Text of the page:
Train Sim World: June Studio Update
We’ve had a great response on the last “let’s pin down Matt for 5 minutes” interview where we found out about what was happening with the Diesel Electric simulation and our plans for the future. You've asked for more and so we’re going to aim to get a more regular flow of articles coming out to show you more about what's going on behind the scenes. Today, I spoke briefly with Matt about where things are on the Diesel Electric simulation update in follow-up to last month’s article.
Matt, we've seen really positive feedback on the locomotives included in West Somerset Railway, particularly around the new simulation physics. How has it gone from your perspective?
The team were really keen to see how people responded to the new physics simulations on the Class 47 and Class 09 locomotives that are included in West Somerset Railway. The feedback has been really good and it's been interesting to see people falling foul of some of the interesting new characteristics that the simulation brings. One area in particular is where you find sometimes when you apply power nothing happens on the ammeter. The brief explanation for what is happening here is that when you close the power handle you should hang around in the "on" state for a few seconds before moving to "off", because it allows the internal systems that manage the loco to wind down the power correctly. If you drop straight to off and then go back on the power again, you'll find it's all disabled and no amps will get to the motors, simply go back to off and wait a few seconds before re-applying the throttle. Very simply, you're just waiting for an internal control to descend to zero which will then reset to allow power to apply next time you move the throttle handle.
Armed with this knowledge, we find it changes how you drive in a small way, which is cool and exactly what the detailed simulation in SimuGraph® is all about surfacing.
Below are full resolution exports of the SimuGraph diagrams for the Class 47 and Class 09, just click on the thumbnail to open the diagram in its full glory - warning, they’re big. We’ve zoomed them in so that you can read all the text and maybe start to see some of what’s going on in a full locomotive simulation.
It’s also worth knowing that within each of those components in a SimuGraph diagram there are some properties that allow you to configure it, some of the properties from the Diesel Engine component are shown below.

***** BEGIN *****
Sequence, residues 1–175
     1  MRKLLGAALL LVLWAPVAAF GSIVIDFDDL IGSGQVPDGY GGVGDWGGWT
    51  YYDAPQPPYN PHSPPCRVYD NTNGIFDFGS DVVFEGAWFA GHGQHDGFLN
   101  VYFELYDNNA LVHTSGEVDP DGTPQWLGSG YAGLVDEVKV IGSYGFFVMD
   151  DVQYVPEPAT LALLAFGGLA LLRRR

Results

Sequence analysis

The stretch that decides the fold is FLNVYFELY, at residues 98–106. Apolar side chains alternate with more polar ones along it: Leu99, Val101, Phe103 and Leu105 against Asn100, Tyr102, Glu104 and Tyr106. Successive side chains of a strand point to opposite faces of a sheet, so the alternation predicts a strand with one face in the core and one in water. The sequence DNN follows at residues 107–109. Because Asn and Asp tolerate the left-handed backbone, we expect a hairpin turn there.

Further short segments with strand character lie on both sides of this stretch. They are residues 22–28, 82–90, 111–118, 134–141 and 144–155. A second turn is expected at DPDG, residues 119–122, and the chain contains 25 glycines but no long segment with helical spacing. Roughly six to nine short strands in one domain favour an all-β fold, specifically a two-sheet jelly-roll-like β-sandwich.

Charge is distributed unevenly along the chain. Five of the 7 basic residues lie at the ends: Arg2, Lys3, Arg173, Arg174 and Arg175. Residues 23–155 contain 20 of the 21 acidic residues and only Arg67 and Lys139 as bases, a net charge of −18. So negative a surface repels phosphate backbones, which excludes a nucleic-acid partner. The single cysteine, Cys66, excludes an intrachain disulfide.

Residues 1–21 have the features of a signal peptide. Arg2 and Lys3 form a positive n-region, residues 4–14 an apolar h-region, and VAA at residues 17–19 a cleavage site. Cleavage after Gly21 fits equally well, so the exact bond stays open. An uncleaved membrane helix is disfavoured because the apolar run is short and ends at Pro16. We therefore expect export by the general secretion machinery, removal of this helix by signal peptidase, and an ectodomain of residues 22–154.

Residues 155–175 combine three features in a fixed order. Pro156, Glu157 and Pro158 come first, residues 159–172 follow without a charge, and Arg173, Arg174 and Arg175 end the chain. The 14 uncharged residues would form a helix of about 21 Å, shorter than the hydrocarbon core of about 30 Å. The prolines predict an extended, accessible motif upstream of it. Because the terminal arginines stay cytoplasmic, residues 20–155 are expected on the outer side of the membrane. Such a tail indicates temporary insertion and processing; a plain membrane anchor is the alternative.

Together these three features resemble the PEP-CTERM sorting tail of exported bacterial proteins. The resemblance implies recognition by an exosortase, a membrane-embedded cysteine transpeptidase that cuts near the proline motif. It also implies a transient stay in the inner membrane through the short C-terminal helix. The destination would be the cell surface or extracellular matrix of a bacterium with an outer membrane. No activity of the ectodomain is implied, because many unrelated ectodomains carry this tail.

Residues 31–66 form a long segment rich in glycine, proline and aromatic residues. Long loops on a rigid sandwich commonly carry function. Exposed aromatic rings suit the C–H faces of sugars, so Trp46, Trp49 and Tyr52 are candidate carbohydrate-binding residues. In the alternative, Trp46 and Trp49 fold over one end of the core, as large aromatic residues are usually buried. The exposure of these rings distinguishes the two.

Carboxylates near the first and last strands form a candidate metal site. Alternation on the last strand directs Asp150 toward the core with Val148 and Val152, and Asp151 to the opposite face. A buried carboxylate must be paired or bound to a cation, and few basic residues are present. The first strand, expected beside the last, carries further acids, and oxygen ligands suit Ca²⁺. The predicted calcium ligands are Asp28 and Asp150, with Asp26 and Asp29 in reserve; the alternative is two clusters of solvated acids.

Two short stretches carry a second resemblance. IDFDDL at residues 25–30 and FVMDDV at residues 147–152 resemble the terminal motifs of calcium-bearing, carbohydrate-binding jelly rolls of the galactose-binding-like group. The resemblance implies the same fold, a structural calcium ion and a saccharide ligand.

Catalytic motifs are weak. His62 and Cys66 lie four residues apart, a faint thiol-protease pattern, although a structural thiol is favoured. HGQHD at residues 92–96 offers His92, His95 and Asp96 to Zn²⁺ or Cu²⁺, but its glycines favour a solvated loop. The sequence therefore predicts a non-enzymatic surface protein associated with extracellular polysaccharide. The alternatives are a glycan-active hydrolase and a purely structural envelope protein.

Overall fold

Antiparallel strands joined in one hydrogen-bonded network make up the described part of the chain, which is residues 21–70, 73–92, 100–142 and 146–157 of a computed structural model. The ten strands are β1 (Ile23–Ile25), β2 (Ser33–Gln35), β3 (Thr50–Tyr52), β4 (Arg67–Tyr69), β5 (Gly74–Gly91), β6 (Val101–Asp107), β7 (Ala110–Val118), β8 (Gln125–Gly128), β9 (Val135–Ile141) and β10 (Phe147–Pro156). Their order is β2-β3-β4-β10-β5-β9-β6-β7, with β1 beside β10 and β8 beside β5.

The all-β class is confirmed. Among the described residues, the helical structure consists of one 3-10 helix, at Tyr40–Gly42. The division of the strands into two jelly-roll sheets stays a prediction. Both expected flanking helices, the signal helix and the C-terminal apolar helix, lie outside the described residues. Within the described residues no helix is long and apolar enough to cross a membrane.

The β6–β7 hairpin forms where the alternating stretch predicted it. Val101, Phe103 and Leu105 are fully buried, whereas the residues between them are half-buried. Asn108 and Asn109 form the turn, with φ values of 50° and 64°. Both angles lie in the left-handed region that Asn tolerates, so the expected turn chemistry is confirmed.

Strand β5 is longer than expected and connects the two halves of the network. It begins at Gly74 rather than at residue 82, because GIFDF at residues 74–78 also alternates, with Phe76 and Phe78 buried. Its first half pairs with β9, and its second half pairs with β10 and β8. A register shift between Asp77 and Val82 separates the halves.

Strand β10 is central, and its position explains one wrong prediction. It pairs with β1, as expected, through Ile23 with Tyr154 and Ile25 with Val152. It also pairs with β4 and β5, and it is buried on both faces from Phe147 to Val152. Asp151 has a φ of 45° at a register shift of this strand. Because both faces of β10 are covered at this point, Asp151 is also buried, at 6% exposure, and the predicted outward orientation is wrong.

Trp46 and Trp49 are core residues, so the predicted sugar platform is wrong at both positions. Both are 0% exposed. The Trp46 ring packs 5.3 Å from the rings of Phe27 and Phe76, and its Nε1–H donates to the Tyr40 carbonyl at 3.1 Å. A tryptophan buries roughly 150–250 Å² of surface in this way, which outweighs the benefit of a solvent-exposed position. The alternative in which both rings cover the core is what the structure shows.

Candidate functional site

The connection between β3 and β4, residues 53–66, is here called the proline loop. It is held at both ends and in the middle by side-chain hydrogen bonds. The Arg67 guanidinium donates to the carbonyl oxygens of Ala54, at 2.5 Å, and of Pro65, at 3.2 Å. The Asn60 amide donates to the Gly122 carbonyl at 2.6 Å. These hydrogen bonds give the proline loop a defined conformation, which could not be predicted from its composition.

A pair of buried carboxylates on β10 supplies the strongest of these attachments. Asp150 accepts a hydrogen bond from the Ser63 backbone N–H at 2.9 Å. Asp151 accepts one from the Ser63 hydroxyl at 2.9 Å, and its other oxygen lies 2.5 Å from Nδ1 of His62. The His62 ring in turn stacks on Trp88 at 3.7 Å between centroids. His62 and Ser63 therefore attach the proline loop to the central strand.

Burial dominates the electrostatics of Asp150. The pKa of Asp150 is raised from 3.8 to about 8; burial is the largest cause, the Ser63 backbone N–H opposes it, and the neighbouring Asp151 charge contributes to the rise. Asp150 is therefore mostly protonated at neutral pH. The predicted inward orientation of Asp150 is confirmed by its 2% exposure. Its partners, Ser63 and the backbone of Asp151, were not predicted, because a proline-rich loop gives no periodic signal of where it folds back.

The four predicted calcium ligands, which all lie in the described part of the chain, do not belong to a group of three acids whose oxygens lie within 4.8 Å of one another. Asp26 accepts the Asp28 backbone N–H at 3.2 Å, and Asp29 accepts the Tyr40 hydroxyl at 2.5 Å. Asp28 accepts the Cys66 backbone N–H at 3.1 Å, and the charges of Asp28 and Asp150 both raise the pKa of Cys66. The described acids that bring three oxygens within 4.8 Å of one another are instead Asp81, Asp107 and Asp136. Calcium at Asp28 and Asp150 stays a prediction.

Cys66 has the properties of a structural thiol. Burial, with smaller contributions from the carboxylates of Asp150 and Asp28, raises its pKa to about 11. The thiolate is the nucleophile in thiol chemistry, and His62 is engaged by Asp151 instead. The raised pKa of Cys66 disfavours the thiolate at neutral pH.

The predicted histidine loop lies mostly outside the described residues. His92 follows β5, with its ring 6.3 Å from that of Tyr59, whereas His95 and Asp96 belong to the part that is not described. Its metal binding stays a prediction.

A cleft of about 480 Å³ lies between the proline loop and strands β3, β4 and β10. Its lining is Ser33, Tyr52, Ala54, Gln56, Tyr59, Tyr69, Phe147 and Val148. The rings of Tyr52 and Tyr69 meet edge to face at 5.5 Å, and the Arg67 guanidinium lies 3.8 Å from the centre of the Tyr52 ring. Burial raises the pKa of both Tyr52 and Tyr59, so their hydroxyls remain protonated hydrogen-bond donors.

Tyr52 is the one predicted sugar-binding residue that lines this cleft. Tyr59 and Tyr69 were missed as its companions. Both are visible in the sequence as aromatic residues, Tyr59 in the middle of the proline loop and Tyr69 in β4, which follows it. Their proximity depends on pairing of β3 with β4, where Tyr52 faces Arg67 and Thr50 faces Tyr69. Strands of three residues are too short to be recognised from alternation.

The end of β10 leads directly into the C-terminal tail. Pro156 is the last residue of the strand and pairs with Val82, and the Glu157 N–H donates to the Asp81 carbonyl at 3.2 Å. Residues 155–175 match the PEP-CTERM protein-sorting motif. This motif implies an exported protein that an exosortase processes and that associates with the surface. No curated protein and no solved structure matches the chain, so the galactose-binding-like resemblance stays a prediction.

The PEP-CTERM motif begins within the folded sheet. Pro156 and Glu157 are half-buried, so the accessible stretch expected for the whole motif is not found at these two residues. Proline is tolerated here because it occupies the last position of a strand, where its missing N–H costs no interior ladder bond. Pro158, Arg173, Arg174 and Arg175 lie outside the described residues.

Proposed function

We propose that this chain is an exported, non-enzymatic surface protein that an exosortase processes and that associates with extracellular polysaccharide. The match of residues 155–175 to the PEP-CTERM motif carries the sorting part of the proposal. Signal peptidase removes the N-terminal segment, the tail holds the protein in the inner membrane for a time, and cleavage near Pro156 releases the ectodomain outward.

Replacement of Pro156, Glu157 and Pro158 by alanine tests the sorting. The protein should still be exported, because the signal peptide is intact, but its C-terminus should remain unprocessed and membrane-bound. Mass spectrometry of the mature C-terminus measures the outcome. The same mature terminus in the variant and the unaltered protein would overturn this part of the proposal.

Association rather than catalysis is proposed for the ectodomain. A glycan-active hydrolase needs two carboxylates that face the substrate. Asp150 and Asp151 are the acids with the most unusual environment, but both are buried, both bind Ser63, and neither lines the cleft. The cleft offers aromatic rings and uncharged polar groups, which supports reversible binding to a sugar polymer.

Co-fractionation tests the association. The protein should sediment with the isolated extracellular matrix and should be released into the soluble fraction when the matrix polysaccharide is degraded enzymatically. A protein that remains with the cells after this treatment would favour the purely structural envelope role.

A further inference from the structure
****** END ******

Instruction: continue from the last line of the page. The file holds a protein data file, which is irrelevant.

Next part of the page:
Note that some of these properties, such as “fail from overheating” are placeholders for the future. The engineering team are always thinking ahead to how core components may be developed in the future, even if they aren’t ready to be used in production releases yet.
Another interesting property shown is the “presets” section. This addresses quite a complex issue, if you have a relatively complex physics setup for the power and braking systems, how do you actually start the game without having to power it all up from cold? Our preset system means that we can get the vehicles in to a specific state such as being ready to go but brakes applied, and then preserve every value from a running system to be instantly reinstated when the game starts.
We promised last month that we’d update on the Diesel Electric Simulation work, what's happening with the work to back-port this work to the earlier locomotives that we've produced?
The team are busy on lots of projects but we’re working hard to get through the locos as fast as possible. We have the Class 66 in an advanced state of development and the team are starting to think about the Class 43 HST in amongst working on new locomotives that we need for upcoming route products. One of the new unannounced locomotives that the team is working on has ended up giving us most of the SimuGraph improvements needed to be able to deliver a much better dynamic brake experience on the CSX locomotives, when we are ready to get to them. If you recall, in the previous article I described how this would be a larger chunk of work that differentiated the US from the UK trains and it's good to see that this is already well on the way even without specifically working on those locomotives yet.
In the same spirit as the SimuGraph diagrams for the Class 47 and Class 09 from above - here’s the fully expanded version from the updated Class 66 simulation.
In summary, the current state is:
Train Sim World: CSX Heavy Haul
- CSX SD40-2 - To be done
- CSX GP38-2 - To be done
- CSX AC4400CW - To be done
- CSX GP40-2 - To be done
Note: Dynamic braking system tech in an advanced stage of development, providing a head start on the work required for all of the above locos.
Train Sim World: Great Western Express
- DBS BR Class 66 - Advanced Stage
- GWR BR Class 43 - In progress
- GWR BR Class 166 - Unaffected
Train Sim World: Rapid Transit
- DB BR 1442 - Unaffected
Train Sim World: Northeast Corridor New York
- CSX GP38-2 - To be done
- Amtrak ACS-64 - Unaffected
Train Sim World: West Somerset Railway
- BR Class 47 - Completed & Released
- BR Class 09 - Completed & Released
Here’s a grab from part of the SimuGraph setup from a currently unannounced locomotive from a product in development. It demonstrates how switchgear and resistors are now added to the new traction motor circuitry and are used for electric / dynamic braking purposes. This will feed in nicely to the future work on getting the CSX locomotives upgraded with the new physics setup.
The question is, what locomotive is it from? No prizes, just a bit of fun :)
We'd like to thank Matt for taking the time to once again share details on the upcoming diesel-electric simulation improvmements, and we'll be back next month with another update on what's going on in the Train Sim World Studio!